Repairing a JET AFS-1000B

Gearing up for the woodshop sawdust-fest that is the result of last minute holiday gifts, my trusty JET AFS-1000B air filtration unit bit the dust (yes, pun intended). Hanging above now is a useless box of steel, mocking me as a cough out some of the larger particulate matter swimming happily in my shop.

As the unit isn’t really that complex of a tool (filters, motor and glorified time / speed setting on / off switch) I took the opportunity to take this bad boy apart before tossing it to the curb. In short, a 5$ capacitor fix care of fixya community seems to have addressed the problem.

STEP ONE: Unplug the unit and support it on a table.

STEP TWO: remove the controller board from the exhaust side of the unit by unscrewing the screws holding the cover to the unit. Unplug the motor wire harness by pressing down on the white retaining clip. They go only one way, but it doesn’t hurt to note which is which.

STEP THREE: Unbolt the ground wire from the face plate and the whole board should come out. Unscrew the four screws holding the PC board. Look for a little foam pad that will drop out. Remember where to replace it. Screws and capacitor may have blue locktite on them.

STEP FOUR: Find the capacitor. It’s the part that looks like a tootsie roll, black with two wires coming out one side. It’s between the CPU chip and the big red square block. If it looks bloated, burnt or melted, you found the problem. Replace it with a 1000 microfarad (1000 uf/ 10 volt) ten volt capacitor with a radial lead. About $5 for the part at most electronic parts stores. Careful desoldering the old capacitor to avoid damaging the PC board. WATCH THE POLARITY. There is a negative and positive side. The negative side has a chevron (<) mark and is marked on the PC board. On mine the negative side was nearest the black micro chip and the positive side was towards the red JEFU MPE part. Use a little bolt-tite on the screws of the PC board and some on the capacitor on the PC board to limit vibration. Reinstall the board, plug it in and give it a whirl.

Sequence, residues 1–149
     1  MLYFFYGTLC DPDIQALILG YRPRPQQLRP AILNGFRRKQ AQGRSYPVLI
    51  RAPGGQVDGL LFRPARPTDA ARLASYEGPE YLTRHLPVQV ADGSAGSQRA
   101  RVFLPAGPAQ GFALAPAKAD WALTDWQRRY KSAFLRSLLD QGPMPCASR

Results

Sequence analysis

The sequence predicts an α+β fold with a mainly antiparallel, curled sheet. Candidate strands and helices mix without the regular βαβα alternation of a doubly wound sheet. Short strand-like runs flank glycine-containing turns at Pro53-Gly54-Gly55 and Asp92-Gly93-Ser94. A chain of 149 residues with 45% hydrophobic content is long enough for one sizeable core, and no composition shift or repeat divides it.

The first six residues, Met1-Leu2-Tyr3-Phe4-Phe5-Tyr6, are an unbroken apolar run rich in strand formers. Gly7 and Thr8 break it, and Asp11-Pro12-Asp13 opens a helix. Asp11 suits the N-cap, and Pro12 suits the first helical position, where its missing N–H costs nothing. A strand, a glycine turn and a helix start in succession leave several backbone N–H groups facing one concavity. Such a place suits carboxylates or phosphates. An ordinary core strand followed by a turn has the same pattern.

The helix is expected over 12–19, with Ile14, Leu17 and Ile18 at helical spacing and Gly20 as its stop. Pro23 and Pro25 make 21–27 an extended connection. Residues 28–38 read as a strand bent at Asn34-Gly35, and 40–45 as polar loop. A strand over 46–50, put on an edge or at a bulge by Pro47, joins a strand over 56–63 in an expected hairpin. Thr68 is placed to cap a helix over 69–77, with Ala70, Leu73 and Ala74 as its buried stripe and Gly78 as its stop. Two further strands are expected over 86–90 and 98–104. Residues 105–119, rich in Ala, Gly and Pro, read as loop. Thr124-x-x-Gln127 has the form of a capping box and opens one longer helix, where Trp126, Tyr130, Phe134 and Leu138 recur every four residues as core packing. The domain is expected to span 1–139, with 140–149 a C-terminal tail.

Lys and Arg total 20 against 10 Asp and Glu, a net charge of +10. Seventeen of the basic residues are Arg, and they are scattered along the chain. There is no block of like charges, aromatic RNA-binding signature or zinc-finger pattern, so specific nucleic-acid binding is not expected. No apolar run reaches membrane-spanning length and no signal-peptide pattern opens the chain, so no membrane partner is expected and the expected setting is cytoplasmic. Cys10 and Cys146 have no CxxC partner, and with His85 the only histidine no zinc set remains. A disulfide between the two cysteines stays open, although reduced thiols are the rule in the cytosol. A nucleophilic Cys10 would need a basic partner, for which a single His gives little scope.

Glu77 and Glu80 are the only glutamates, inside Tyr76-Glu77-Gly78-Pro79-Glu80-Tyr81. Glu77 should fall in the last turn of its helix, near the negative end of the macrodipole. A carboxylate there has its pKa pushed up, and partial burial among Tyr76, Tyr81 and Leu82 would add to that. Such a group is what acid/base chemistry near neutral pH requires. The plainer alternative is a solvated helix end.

If no joy, STEP FIVE: Find the motor start capacitor. It is bolted near the motor, black about 1x 2 x 4 and has two red wires coming out of it. Take a battery operated resistance meter on a setting of R x 100 or higher. Charge the capacitor by connection one lead of the tester to one red wire and the other lead to the second red wire. You may have to strip the wire to make contact. Next reverse the leads and you should see the needle jump. Do it a third time incase the first try was discharging. If no needle jumping, replace capacitor. Couldn’t find this locally. May have to by directly from JET Tools. L

Recommend you hard crimp wire splices if cutting off the motor capacitor. . You can check the windings on the motor too. Check for continuity between the white-yellow-blue-black wires of the motor harness. Any combination should work. If not, motor shot, time for some bigger bucks repair.